Sat, Sep 28, 2013 - Page 3 News List

Taiwan reportedly not on agenda of Kerry-Wang meet

NOT EASY TO DIGEST?A breakfast meeting in New York City focused on other issues, although Taiwan did come up in previous meetings in recent days

By William Lowther  /  Staff reporter in WASHINGTON

US Secretary of State John Kerry held a one-hour breakfast meeting with Chinese Minister of Foreign Affairs Wang Yi (王毅) on Thursday in New York, discussing issues that included the South China Sea and human rights.

During a briefing given later by a senior US Department of State official, Taiwan was not mentioned.

On the South China Sea, the official said that Kerry underscored the US view that it was very important for all claimants to be consistent with international law.

Kerry also reaffirmed the US’ position that conduct in disputed areas must be “careful and without intimidation.”

Kerry strongly urged that only “diplomatic and peaceful means” be used to address areas of difference, the official said.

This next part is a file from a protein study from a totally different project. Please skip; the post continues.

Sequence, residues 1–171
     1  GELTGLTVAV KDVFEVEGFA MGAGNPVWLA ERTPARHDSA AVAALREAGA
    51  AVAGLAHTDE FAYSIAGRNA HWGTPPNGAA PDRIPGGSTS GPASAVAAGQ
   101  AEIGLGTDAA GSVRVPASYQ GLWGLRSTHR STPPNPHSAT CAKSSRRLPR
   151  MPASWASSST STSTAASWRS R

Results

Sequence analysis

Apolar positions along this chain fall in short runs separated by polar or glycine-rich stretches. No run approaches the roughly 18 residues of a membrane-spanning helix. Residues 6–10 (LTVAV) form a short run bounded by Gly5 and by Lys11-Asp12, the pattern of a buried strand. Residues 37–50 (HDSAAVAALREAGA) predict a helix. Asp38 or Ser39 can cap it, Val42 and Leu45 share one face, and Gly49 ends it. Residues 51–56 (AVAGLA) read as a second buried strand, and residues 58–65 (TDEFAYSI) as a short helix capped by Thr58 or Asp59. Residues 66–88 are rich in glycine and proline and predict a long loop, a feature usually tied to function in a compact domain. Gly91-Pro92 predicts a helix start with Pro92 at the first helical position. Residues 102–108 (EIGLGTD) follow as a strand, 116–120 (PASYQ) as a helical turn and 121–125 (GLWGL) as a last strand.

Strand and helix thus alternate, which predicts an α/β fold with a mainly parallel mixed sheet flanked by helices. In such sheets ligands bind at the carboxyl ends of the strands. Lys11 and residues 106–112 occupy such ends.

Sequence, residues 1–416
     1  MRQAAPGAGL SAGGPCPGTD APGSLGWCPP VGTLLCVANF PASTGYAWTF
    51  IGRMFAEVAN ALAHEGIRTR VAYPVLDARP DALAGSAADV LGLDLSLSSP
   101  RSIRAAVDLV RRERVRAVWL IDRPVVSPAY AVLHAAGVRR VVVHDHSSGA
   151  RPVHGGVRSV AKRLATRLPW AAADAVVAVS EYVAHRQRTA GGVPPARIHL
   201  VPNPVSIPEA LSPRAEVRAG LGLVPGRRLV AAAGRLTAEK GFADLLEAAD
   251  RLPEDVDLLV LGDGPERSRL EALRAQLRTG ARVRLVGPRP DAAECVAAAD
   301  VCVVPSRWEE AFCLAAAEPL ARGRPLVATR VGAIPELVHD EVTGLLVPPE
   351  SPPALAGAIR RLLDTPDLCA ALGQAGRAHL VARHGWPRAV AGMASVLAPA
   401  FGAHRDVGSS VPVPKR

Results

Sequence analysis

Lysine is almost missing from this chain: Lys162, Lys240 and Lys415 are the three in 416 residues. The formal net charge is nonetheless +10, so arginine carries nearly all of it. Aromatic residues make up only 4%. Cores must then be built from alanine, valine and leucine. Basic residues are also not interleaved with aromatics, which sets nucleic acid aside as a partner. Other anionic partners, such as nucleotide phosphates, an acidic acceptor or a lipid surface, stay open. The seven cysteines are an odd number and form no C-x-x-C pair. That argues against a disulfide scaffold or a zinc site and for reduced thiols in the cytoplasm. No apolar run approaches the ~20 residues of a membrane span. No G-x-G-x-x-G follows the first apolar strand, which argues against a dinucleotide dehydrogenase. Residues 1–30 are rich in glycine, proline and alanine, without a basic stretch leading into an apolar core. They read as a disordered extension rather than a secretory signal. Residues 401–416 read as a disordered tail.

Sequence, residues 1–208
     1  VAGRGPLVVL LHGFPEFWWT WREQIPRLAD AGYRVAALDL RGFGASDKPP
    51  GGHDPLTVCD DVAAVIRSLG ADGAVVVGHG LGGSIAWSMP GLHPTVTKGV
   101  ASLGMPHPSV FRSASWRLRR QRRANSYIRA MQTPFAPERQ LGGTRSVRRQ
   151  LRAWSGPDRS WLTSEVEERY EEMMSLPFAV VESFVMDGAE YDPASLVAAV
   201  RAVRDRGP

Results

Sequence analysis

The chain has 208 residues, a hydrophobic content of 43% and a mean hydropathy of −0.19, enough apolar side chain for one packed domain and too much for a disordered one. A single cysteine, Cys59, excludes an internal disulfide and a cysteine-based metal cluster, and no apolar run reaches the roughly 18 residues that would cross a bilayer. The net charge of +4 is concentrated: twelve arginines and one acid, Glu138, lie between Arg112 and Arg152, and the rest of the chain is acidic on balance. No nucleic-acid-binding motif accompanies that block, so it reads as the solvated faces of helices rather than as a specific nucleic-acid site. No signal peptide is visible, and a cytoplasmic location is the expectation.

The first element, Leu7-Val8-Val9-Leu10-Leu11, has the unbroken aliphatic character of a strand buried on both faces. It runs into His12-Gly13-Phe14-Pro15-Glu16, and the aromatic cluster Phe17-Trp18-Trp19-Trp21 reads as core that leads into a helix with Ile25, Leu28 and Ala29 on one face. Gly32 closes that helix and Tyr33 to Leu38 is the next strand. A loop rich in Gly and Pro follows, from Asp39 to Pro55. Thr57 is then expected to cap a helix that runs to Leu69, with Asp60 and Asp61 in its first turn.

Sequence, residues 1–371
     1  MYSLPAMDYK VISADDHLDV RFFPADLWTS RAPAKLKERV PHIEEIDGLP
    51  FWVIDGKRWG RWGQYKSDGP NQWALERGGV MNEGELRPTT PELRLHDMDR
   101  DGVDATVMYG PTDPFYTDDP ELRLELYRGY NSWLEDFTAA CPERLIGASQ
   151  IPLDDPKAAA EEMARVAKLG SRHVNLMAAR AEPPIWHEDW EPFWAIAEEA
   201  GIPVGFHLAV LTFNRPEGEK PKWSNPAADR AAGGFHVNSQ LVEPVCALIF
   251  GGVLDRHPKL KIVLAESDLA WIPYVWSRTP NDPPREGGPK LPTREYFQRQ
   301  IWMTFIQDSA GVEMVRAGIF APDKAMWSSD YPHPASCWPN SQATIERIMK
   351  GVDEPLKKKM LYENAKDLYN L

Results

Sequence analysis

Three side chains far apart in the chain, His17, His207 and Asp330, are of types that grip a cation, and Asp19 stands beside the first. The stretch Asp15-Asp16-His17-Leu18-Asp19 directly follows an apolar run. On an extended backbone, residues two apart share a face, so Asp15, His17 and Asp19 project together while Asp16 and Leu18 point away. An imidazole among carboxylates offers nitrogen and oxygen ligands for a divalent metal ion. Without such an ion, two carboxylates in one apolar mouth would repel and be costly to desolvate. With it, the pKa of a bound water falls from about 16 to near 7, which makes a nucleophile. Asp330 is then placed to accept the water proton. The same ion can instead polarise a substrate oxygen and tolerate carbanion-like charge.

“This was not a negotiating session, this was a strategy session,” the official said.

Both Wang and Kerry were in New York for the UN General Assembly.

Sources have told the Taipei Times that during private meetings over the last few days, Wang has discussed arms sales to Taiwan with Pentagon officials and with Kerry.

This follows a lengthy speech at the Brookings Institution in Washington last week when Wang said that the Asia-Pacific region was not only the world’s fastest-growing and most promising region, it was also home to “most of the hotspot issues.”

He also said that the US must respect China’s interests and concerns.

“The ‘Taiwan question’ concerns China’s sovereignty and territorial integrity,” Wang said. “Gradual integration of the two sides through two-way interactions and cooperation will lead to ultimate reunification. This is a historical trend that no one can stop.”

Wang said that for many years, the “Taiwan question” has been a liability in China-US relations that has undermined mutual trust as well as disrupting cooperation.

“However, if the United States can go along with the prevailing trend of peaceful development of cross-strait relations and genuinely appreciate and respect China’s efforts to oppose separation and achieve peaceful reunification, the issue — once a liability and negative factor in our relationship — will be turned into an asset and a positive factor, providing guarantee to the long-term, steady growth of China-US relations and opening [the] prospect for all-round cooperation,” the minister said.

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